ISF Interpretation Team Volunteers Take on Economic and Social Rights
By ICSSI Secretariat and ISF – October 2017
The Iraqi Social Forum held a specialized training on economic and social rights for its 9 interpretation team volunteers on Saturday, 7 October in Baghdad. The training was given by Wissam Gasab, ISF’s Coordinator of the Economic and Social Rights masar (path), and dealt with explaining the most important terms contained in the Iraqi Labor Law No. 37 of 2015. This law, still highly contested and still in parliament, stands in direct opposition to the recognized international standards now in place to protect workers’ rights. It thus highlights key issues and associated vocabulary volunteers will need to have if they are to become effective translators.
The training explored how best to identify the correct way to distinguish between similar meanings of key terms and concepts in the law, and how to translate them accurately. It included a review of all the sections in the new labor law with a focus on those paragraphs that would do most to undermine the rights of Iraqi workers. The training also teamed up with the most prominent international organizations currently active in Iraq and which focus on the rights of workers’ and trade unions. A considerable part of the training was devoted to identifying the unions now active in Iraq, obtaining their official names and determining how to translate these names accurately.
The training was based on practical exercises aimed at building the skills of interpreters. Gasab would ask key questions before starting an exercise, and then put the same questions to the participants after they had completed it This was an effective way to highlight the difference in their information and understanding of the data involved before and after the exercise.
At the end of the training, the participants expressed their sincere thanks to Gasab. The young volunteers were not familiar with the details of the Economic and Social Rights mass (path) within ISF. They were surprised by the amount of information they acquired in the training, and the high level of specialization necessary to produce a skilled and accurate interpretation. The volunteers suggested a number of other topics related to this track that they would like to be trained in, and Gasab promised to work on meeting their requests. He also expressed his happiness with the enthusiasm of young people volunteers, and urged those wishing to specialize in translating on this topic to research, study and practice more, as a skilled translator must be familiar with the many technical and legal aspects of labor rights and freedoms granted to trade unions.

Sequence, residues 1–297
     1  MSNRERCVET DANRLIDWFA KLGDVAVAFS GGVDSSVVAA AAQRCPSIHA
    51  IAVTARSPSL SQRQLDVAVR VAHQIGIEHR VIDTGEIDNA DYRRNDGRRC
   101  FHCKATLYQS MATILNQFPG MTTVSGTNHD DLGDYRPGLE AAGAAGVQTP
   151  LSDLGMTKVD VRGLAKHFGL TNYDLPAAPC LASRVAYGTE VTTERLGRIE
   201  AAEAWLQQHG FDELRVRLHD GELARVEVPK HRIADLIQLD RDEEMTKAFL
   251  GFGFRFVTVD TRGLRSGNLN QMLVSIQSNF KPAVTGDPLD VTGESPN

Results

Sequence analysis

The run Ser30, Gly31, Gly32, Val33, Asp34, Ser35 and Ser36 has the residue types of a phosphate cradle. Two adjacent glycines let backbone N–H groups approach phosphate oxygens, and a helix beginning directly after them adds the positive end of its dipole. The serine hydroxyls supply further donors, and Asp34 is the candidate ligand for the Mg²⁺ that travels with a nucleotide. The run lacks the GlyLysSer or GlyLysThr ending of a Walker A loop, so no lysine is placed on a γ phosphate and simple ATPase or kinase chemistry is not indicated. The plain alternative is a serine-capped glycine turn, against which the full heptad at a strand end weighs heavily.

The training was important for ISF volunteers in a general sense insofar as it highlighted the need to build the capacities of youth volunteers, encouraging them to engage in more voluntary work, and to learn the key details about the various fields in which they might work. Training the interpretation team is of particular importance as its members are the focal point for all activities attended by foreign activists and researchers. Ensuring that all participants in ISF activities — Arabic and non-Arabic speakers alike — have access to the information presented is essential to building a strong, international network of civil society activists.